If there is indeed an easier solution I would certainly appriciate your input.


15 Jul, 2012


Well, I don't know about easier, but there is an option. It's what professional greenkeepers do and its called top dressing. For heavy soil, you need to make up a mix of 4 parts sand (washed or horticultural), 2 parts loam (not just topsoil) and 1 part peat (if you can get it). Fine grade sphagnum or moss peat is best. Mix the parts together, and riddle if you have lots of lumpy bits. Then scarify the lawn thoroughly, spike all over with a garden fork, inserting the tines vertically about every 9 inches to a foot apart (stand on it to get it right down, and remove the fork at more or less the same angle it went in at). Once you've done that, you apply your topdressing mix - you need to spread it all over the lawn, filling in hollows where there are any, and brushing or raking the rest in, particularly where the holes from your fork are. The object is to get the mixture down to the base of the blades, not leave it sitting on top of the grass, except in the low spots. Best done in September. You can apply seed to the lowspots which you've levelled out with the mixture, because the grass in those parts won't be visible.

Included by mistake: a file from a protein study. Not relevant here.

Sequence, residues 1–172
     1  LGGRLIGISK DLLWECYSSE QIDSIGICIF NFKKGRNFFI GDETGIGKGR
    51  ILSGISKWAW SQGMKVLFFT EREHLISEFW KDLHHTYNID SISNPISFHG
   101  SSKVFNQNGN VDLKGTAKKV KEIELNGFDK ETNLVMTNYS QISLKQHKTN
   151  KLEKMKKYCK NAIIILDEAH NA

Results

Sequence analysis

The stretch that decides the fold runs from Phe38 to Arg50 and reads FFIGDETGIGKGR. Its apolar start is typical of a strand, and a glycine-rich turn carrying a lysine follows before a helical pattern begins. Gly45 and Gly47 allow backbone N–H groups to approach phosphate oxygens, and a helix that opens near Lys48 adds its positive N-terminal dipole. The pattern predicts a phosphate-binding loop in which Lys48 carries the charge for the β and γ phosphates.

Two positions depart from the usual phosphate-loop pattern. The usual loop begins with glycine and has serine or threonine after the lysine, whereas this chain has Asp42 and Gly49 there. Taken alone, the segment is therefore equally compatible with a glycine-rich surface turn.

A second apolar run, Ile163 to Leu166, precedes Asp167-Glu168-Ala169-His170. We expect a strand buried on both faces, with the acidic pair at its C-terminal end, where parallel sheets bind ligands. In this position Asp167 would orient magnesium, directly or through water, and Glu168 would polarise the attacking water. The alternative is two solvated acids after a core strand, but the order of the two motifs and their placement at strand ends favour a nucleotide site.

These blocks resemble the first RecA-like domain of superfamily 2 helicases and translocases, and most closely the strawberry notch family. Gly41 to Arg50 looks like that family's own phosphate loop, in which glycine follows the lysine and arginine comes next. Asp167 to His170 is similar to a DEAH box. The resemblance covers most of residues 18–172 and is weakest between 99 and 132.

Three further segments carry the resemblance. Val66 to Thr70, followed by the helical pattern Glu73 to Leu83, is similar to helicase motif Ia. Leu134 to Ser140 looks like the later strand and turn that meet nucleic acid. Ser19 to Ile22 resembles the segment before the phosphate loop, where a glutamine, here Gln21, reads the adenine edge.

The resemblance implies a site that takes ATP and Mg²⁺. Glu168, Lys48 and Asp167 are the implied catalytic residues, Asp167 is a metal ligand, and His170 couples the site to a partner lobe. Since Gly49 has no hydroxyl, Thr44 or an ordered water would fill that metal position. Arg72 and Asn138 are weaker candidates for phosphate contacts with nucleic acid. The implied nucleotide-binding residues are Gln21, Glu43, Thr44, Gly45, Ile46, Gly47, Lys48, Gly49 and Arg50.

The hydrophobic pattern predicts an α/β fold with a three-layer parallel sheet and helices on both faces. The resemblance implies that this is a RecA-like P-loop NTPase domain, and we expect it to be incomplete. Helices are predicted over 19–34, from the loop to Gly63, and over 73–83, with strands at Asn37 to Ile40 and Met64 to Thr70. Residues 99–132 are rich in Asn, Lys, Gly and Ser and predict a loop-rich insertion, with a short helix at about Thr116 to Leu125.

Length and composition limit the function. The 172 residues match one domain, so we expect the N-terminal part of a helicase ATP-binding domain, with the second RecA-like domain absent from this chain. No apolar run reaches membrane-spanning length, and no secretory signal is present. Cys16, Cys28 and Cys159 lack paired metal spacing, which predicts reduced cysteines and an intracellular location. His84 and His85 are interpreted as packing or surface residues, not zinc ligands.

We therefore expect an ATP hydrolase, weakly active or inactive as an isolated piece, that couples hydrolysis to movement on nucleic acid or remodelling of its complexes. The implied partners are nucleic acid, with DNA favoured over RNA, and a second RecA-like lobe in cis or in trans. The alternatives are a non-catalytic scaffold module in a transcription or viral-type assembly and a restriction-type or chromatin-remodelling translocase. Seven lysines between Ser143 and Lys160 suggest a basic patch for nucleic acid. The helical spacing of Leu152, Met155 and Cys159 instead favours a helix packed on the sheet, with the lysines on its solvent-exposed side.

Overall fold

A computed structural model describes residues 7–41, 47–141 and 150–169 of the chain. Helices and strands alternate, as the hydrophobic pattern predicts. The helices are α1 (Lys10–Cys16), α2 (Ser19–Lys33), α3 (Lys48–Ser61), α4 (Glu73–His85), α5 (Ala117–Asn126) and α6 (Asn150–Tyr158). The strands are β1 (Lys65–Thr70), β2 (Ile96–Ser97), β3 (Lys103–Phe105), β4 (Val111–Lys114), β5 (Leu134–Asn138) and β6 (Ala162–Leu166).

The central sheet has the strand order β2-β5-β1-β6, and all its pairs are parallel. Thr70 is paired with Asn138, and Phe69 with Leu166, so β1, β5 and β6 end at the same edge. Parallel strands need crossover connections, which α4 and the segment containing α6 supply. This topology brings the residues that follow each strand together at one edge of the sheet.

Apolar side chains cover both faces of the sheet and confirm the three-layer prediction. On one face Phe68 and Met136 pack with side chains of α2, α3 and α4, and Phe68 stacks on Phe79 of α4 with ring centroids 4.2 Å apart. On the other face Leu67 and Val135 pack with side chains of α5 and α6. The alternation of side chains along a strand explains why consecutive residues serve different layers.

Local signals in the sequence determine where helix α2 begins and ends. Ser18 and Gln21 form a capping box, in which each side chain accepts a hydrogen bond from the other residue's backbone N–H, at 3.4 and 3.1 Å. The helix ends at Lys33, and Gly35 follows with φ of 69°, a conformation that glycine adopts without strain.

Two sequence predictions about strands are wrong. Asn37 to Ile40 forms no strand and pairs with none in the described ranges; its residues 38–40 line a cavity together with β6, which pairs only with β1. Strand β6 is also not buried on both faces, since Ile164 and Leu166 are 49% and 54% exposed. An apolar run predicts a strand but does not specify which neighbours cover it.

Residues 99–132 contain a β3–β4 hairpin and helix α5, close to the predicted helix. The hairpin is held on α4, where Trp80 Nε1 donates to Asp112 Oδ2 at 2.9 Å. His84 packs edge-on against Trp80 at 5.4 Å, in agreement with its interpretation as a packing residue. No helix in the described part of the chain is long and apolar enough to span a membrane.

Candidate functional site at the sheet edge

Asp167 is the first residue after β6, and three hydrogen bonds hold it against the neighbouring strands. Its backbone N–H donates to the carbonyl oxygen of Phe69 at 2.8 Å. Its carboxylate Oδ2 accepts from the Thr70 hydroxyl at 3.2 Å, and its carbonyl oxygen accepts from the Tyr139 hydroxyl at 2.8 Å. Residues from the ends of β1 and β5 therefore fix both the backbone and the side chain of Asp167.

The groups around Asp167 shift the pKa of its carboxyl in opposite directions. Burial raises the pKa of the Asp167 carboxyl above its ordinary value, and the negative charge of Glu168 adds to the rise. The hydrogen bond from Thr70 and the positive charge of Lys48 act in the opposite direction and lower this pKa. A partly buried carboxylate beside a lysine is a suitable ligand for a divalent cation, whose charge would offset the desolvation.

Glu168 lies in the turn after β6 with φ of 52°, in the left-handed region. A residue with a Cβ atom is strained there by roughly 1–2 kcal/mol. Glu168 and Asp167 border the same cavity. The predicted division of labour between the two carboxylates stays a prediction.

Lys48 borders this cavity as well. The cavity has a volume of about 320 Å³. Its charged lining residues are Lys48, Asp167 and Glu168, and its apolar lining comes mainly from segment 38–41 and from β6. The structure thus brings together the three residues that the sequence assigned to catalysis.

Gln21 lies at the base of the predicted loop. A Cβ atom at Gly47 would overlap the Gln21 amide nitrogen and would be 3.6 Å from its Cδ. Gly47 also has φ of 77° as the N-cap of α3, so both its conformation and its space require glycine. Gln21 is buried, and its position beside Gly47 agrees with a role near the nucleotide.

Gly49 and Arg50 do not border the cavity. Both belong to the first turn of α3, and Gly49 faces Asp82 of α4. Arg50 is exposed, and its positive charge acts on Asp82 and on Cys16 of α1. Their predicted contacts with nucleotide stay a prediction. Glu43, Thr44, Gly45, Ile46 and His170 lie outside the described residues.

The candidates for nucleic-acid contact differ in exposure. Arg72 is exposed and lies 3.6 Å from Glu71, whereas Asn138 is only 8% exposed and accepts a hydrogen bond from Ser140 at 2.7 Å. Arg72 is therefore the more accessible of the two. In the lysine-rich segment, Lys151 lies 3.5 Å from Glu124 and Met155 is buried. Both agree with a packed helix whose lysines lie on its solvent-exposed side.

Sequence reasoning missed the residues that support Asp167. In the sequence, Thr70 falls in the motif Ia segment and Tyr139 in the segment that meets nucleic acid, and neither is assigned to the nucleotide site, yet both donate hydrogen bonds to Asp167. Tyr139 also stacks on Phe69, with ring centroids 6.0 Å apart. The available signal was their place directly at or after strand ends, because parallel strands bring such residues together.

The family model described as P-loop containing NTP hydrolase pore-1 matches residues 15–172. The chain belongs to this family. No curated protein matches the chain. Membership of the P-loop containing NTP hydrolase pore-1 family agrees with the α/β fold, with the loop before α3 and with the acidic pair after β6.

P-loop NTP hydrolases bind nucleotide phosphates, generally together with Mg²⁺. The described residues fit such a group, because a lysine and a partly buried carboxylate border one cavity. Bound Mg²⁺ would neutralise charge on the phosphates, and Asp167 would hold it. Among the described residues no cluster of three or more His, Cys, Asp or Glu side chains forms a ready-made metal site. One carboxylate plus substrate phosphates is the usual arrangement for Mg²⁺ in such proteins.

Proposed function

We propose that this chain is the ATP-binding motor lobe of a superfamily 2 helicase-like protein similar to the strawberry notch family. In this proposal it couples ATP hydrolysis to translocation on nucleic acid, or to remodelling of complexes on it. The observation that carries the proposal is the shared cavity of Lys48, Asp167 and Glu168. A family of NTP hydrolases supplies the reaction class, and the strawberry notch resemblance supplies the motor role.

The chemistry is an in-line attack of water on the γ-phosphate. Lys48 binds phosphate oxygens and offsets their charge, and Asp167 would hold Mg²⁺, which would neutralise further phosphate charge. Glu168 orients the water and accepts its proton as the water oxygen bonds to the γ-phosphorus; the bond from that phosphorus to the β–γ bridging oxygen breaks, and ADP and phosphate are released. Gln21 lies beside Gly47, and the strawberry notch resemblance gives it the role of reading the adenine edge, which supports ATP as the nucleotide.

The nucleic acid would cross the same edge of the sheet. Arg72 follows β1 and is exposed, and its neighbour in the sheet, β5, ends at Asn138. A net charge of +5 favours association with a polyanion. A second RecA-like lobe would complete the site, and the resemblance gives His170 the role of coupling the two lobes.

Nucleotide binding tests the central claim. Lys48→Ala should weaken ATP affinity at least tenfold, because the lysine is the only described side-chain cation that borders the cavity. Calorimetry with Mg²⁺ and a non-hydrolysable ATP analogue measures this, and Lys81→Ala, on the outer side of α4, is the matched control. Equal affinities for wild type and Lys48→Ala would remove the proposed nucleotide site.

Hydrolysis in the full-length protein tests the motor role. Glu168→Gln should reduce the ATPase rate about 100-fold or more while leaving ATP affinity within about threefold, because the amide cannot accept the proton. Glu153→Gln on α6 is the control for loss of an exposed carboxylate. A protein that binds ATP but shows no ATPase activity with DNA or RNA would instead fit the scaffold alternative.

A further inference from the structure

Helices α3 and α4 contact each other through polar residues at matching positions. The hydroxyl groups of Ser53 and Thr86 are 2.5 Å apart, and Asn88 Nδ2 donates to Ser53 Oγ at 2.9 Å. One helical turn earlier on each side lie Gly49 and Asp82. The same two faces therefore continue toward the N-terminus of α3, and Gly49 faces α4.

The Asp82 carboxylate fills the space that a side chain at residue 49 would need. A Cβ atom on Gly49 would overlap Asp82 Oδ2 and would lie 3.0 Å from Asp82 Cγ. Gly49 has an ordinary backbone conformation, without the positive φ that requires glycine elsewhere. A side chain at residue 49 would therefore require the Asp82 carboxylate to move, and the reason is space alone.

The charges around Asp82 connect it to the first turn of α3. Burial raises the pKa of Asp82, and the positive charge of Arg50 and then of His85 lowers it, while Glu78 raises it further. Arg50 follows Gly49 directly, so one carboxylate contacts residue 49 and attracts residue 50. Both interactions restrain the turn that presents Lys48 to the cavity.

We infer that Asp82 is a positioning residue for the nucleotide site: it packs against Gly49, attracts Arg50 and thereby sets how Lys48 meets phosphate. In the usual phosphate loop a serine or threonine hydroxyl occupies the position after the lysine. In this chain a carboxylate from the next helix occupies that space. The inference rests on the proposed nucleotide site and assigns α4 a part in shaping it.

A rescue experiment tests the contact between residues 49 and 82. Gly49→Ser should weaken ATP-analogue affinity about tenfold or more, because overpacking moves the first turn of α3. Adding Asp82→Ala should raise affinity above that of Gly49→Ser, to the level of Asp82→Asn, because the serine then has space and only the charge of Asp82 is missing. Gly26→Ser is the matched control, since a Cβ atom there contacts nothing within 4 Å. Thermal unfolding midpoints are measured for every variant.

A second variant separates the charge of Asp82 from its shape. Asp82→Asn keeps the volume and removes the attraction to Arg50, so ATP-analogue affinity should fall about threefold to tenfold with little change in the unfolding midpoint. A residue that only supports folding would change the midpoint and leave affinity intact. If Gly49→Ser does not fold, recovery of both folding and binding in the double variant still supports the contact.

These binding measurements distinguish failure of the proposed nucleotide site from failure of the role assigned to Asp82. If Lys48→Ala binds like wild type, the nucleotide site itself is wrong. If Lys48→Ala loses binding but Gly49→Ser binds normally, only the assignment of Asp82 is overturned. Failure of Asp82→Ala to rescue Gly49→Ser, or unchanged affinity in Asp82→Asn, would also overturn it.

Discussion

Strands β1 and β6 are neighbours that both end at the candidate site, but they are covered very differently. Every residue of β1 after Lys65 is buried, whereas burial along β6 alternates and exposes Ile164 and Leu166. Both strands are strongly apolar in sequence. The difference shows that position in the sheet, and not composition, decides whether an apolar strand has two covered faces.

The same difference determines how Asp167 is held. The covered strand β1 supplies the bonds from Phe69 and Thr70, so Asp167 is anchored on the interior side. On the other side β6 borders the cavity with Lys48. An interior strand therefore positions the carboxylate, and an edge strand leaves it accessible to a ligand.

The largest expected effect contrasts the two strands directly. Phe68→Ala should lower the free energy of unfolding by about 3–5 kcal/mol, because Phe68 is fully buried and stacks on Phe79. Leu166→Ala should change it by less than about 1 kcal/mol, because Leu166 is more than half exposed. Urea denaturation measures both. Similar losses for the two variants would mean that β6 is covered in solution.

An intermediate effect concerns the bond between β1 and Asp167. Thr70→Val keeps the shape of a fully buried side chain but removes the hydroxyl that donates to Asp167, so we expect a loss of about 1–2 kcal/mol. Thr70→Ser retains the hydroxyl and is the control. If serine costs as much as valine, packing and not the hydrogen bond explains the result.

The thing that bothers me about your own suggestion is this - topsoil, unless you buy top grade from a good quality supplier, is usually just heavy clay soil, and often motorway spoil, so you may end up buying in soil which is just as heavy as what you've got already, and worse, also has a fair amount of subsoil mixed in.